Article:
Now we get to the important part, the sound! The Bladelius Embla, when playing with the 192kHz up sampling setting used, does remind me very much of the Esoteric X-03 reviewed last month. Only in checking the Embla's spec on the above link, I found out that it uses a Teac transport! However, I cannot confirm is it's of the VRDS variety.

When playing CDs the conventional way, the noise floor is vanishingly low, the overall presentation is very clean, very tidy. Transparency is first rate, as it plays out all the information that is embedded on the CD, nothing is added or subtracted. If it's a poorly recorded pop or rock recording, you'll know it. If it's a lush sounding classical recording, it'll sound like that too. This is about the most uncoloured, true to source CD player I've ever experienced in my system.

I found my self mostly using 44.1kHz oversampling setting for most pop and rock recordings, for a little more immediacy in the music's presentation, and 192kHz up sampling setting for classical and jazz recordings, for better presentation of hall ambiance or studio spatial cues and a little bit more audiophile "air".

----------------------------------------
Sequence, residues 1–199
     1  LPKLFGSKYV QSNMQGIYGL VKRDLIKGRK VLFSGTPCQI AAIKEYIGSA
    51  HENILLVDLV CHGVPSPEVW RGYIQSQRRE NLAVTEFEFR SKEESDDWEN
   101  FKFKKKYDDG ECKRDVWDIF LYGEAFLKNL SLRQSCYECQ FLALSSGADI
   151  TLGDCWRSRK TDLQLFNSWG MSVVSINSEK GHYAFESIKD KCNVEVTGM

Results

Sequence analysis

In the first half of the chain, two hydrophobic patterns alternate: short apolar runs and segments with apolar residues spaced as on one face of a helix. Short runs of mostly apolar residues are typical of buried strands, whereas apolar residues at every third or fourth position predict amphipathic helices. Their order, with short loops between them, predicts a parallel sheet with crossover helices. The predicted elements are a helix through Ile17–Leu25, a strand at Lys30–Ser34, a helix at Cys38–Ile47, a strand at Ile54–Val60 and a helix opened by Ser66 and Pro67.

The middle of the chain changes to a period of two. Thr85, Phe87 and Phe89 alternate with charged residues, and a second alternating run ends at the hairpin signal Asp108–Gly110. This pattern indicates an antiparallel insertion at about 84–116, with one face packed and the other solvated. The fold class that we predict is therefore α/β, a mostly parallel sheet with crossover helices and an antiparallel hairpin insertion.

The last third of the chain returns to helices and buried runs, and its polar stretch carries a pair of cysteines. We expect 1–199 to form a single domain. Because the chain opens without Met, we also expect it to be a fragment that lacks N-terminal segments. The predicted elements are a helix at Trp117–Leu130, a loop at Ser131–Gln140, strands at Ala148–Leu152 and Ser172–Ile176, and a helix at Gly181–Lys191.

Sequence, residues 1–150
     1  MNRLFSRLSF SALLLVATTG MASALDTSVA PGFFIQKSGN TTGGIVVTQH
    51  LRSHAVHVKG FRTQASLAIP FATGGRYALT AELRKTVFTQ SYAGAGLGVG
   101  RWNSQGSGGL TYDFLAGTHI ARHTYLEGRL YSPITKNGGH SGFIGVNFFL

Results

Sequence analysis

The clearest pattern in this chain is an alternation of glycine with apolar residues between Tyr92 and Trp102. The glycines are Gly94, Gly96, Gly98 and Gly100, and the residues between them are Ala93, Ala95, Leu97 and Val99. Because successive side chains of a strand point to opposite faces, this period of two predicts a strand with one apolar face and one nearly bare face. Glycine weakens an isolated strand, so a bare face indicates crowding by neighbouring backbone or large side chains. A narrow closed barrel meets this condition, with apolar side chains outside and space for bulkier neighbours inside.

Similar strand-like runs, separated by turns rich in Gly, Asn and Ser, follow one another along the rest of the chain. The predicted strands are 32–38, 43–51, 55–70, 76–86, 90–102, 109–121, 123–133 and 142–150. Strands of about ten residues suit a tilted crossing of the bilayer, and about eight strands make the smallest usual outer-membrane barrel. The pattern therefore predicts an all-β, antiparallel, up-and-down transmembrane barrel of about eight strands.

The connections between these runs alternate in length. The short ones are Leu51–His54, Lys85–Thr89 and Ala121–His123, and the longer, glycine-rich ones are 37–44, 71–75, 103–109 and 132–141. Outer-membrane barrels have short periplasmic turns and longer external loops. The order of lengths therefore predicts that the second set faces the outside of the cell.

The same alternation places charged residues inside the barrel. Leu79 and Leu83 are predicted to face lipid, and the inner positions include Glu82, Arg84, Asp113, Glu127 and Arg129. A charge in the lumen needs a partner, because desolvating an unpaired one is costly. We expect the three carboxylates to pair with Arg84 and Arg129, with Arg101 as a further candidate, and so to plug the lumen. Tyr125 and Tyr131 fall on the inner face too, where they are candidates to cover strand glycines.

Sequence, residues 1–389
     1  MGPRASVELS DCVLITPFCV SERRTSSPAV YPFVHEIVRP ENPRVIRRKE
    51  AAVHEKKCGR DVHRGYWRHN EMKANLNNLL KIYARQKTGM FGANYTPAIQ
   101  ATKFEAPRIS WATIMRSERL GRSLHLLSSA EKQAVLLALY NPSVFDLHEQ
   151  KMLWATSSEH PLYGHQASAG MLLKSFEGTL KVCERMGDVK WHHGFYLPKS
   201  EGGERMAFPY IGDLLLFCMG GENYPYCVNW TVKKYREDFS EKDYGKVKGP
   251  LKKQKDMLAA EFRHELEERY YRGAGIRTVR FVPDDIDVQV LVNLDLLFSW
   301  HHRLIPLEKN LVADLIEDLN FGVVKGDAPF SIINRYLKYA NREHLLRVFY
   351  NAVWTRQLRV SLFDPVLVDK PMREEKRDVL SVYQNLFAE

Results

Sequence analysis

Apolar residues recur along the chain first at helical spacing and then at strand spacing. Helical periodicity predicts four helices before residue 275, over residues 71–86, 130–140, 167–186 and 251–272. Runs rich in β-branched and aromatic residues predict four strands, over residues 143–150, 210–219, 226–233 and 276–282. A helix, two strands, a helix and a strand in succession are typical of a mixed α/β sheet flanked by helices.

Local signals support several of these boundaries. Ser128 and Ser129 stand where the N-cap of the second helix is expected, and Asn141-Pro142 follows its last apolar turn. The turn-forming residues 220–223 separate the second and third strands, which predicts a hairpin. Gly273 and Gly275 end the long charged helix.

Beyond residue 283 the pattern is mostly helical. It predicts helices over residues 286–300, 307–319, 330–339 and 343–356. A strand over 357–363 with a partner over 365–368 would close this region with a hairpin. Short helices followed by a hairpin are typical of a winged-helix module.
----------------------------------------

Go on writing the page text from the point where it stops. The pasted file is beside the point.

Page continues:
But what couldn't prepare me for next to come was that, when a CD is backed up( the Embla will ask you if it should back up each time it detects a new, previously unplayed CD or other source is inserted), and jitter corrected, then stored in to the Embla's flash memory card. When replaying from the flash memory card, the music took on a slightly more focus imaging, better separation between instruments within the sound stage and more organic flow in it's presentation. You can say that I preferred the sound when played back via the flash memory. However, I must state that tonally, the Embla lies in the slightly lean, "cool" side of neutral, which makes partnering it with warmer or musical sounding amps and speakers essential. But that's just my musical preference, yours may differ.

Doesn't the Embla look nice on my audio rack?

However, I do have a few operational quibbles about the Bladelius Embla.

First is the CD slot, which I find that it scratches both the top and bottom surface of my CDs a bit when inserting or ejecting in a hurry. You'll need to exercise care when inserting or ejecting CDs. Bladelius could take cue from in car CD receivers, which has foam lined CD slots.